i take points as input from a .txt file and i draw with these points a polygon then here comes the problem … i need an algorithm to detect the type of the polygon … concave or convex … and here is my code …

int main1() {
glClear(GL_COLOR_BUFFER_BIT); // clear the screen

int x;
int y;

ifstream inFile;
inFile.open(“test.txt”);
if (!inFile) {
printf(“file cannot be opened !!”);
getch();
exit(1); // terminate with error
}

while(inFile >> x >> y )
{
counter++;
draw_polygon(x,y);
x1=x;
y1=y;
}
inFile.close();

}
void myInit(void)
{
glClearColor(1.0,1.0,1.0,0.0); // set white background color
glColor3f(0.0f, 0.0f, 0.0f); // set the drawing color
glPointSize(4.0); // a ‘dot’ is 4 by 4 pixels
glMatrixMode(GL_PROJECTION);
glLoadIdentity();
gluOrtho2D(0.0, 640.0, 0.0, 480.0);
}
//<<<<<<<<<<<<<<<<<<<<<<<< myDisplay >>>>>>>>>>>>>>>>>
void myDisplay(void)
{
//glClear(GL_COLOR_BUFFER_BIT);
glBegin(GL_POINTS);
glEnd();
glFlush(); // send all output to display

}

//<<<<<<<<<<<<<<<<<<<<<<<< main >>>>>>>>>>>>>>>>>>>>>>
void main(int argc, char** argv)
{
glutInit(&argc, argv); // initialize the toolkit
glutInitDisplayMode(GLUT_SINGLE | GLUT_RGB); // set display mode
glutInitWindowSize(640,480); // set window size
glutInitWindowPosition(100, 150); // set window position on
glutCreateWindow("Assignment 1 , Question # 2 "); // open the screen window
glutDisplayFunc(myDisplay); // register redraw function
myInit();
main1();
//detect_polygon_type();
glutMainLoop(); // go into a perpetual loop
getch();

To find if a set of points give a convex or a concave polygon you can calculate the convex hull of the points. If all the points are on the convex hull then it is obvious that the polygon is convex. If the number of points on the convex hull is smaller of the total numbers of points then the polygon is concave. To calculate the convex hull you can use the gift wrapping algorithm. This is the simplest convex hull algorithm to implements but it is not the most efficient.For your case (100 points max) this should be enough. In the algorithm, computing the real polar angles can be not easy. A clever way to compute it is to take the determinant of two points (a 2x2 matrix) and sort these values. I have implemented this algorithm and it work very well.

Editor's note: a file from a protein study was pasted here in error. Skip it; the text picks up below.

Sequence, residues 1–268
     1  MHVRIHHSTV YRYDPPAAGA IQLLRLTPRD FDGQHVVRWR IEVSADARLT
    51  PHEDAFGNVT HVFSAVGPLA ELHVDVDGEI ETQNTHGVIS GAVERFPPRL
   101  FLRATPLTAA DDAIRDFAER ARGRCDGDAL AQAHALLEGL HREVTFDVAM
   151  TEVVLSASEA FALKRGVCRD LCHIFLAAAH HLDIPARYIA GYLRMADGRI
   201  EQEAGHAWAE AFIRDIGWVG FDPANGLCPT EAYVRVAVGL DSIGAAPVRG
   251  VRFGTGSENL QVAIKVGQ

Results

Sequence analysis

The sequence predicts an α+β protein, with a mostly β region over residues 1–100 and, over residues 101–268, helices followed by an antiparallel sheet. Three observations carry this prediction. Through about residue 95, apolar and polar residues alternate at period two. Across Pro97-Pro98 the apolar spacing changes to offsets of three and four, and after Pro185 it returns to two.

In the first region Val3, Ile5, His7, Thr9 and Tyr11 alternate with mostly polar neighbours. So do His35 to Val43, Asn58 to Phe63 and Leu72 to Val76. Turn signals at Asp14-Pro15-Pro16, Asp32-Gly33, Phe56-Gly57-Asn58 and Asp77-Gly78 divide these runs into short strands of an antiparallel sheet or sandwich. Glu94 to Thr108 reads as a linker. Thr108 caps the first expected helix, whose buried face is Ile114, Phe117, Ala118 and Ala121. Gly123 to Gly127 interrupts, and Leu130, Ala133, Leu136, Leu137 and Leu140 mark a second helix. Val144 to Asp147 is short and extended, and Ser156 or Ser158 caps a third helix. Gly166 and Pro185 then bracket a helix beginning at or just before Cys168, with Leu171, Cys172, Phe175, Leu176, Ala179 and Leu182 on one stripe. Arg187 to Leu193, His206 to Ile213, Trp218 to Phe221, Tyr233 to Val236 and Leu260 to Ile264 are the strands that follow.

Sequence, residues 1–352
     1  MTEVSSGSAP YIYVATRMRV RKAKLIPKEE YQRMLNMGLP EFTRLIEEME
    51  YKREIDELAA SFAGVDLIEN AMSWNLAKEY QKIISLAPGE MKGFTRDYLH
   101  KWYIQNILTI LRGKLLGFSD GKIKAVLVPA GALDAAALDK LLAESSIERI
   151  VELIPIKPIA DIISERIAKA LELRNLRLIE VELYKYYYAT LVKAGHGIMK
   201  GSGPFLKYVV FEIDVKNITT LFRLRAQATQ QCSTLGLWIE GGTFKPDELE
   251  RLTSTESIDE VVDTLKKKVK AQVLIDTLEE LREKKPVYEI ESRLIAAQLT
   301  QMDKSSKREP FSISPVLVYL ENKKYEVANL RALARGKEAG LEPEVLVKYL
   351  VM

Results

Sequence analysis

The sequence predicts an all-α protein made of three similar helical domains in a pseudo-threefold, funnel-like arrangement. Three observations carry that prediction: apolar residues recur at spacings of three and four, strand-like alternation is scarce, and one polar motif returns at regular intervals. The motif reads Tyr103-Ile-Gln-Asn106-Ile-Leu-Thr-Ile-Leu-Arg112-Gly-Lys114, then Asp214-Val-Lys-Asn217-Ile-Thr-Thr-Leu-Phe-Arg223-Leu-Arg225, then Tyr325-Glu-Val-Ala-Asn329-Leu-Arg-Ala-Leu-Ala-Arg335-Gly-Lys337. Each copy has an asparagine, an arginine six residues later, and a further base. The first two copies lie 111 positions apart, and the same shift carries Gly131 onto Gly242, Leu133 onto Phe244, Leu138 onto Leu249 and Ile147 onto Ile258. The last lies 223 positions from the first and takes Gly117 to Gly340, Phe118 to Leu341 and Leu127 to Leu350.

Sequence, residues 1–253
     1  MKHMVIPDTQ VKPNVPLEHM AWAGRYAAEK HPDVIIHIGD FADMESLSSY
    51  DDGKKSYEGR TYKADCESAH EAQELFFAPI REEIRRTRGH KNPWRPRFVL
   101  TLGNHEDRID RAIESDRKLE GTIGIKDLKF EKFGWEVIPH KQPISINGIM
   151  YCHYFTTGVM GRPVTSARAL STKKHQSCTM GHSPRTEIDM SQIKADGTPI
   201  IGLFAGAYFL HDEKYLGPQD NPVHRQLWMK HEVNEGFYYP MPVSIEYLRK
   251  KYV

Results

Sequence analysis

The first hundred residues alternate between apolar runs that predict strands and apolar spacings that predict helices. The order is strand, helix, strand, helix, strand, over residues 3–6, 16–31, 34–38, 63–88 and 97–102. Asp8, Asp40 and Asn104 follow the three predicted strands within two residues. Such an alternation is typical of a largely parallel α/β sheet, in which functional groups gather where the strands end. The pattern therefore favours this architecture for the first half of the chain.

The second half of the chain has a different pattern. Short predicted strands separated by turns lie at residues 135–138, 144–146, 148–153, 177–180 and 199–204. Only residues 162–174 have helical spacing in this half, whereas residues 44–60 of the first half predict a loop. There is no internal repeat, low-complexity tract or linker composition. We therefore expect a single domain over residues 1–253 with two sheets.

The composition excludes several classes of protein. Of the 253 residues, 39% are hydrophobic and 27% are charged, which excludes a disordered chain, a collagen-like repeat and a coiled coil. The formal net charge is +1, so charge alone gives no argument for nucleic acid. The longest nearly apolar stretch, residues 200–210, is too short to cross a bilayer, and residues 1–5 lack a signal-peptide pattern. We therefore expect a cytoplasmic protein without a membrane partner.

Hah… another solution (much much simpler) is when you have a convex polygon you turn always in the same direction. When you have a concave polygon sometime you will turn left, sometime you will turn right. So the algorithm essentially is:

Take the determinant between the first point on the polygon with the next and save the result.For all points in the list.Take the next point as current point.Take the determinant between the current point and the next point and compare the sign of the result with the previous one (multiply both and if the result is negative the polygon is concave and you can terminate the loop now).If you pass through all the points then the polygon is convex.

Hope that help.

Edit: In fact you need to compute the determinant of the matrix between vectors not points. So v1 = current point - previous point , v2 = next point - current point and the matrix is:

| v1.x v1.y |
| v2.x v2.y |

You have all the base now to make your algorithm work.

First of all , thnks for ur support for the 2nd time but i think there would be a problem in that algorithm that entering the points of the polygon in different order will give different results since the determent is (ad)-(bc) so if u enter the points of a polygon in a specific order then calculate the determinant between each 2 points and then multiply all together u can get the wrong answer although there is an order at which u can get the correct answer … do u get my point ??

First of all , thnks for ur support for the 2nd time but i think there would be a problem in that algorithm that entering the points of the polygon in different order will give different results since the determent is (ad)-(bc) so if u enter the points of a polygon in a specific order then calculate the determinant between each 2 points and then multiply all together u can get the wrong answer although there is an order at which u can get the correct answer … do u get my point ??

First of all , thnks for ur support for the 2nd time but i think there would be a problem in that algorithm that entering the points of the polygon in different order will give different results since the determent is (ad)-(bc) so if u enter the points of a polygon in a specific order then calculate the determinant between each 2 points and then multiply all together u can get the wrong answer although there is an order at which u can get the correct answer … do u get my point ??

For sure, to be able to function properly, the algorithm need that the vertex in your file describe the contour in order (clockwise or counterclockwise) of your polygon. More specifically, if you take a vertex in your file, the previous vertex and the next vertex are neighbor on the contour of the polygon.
If the vertex in your file are in random order, then you will have no choice but to use an algorithm in the same “family” that I described in my first post.

Edit: After thinking about that, the vertex in your file cannot be in random order. If it is that, then for a concave polygon more than one contour can be described with your set of point(multiple solution). Can you post a sample file (one for convex, one for concave) so I be able to check my algorithm on a larger set of vertex.

Hi, I think I did exactly as you said, but this solution for my given vertices is not working.
Could you help me out whether I am doing anything wrong according to your solution?

Here are my vertices which give a concave polygon: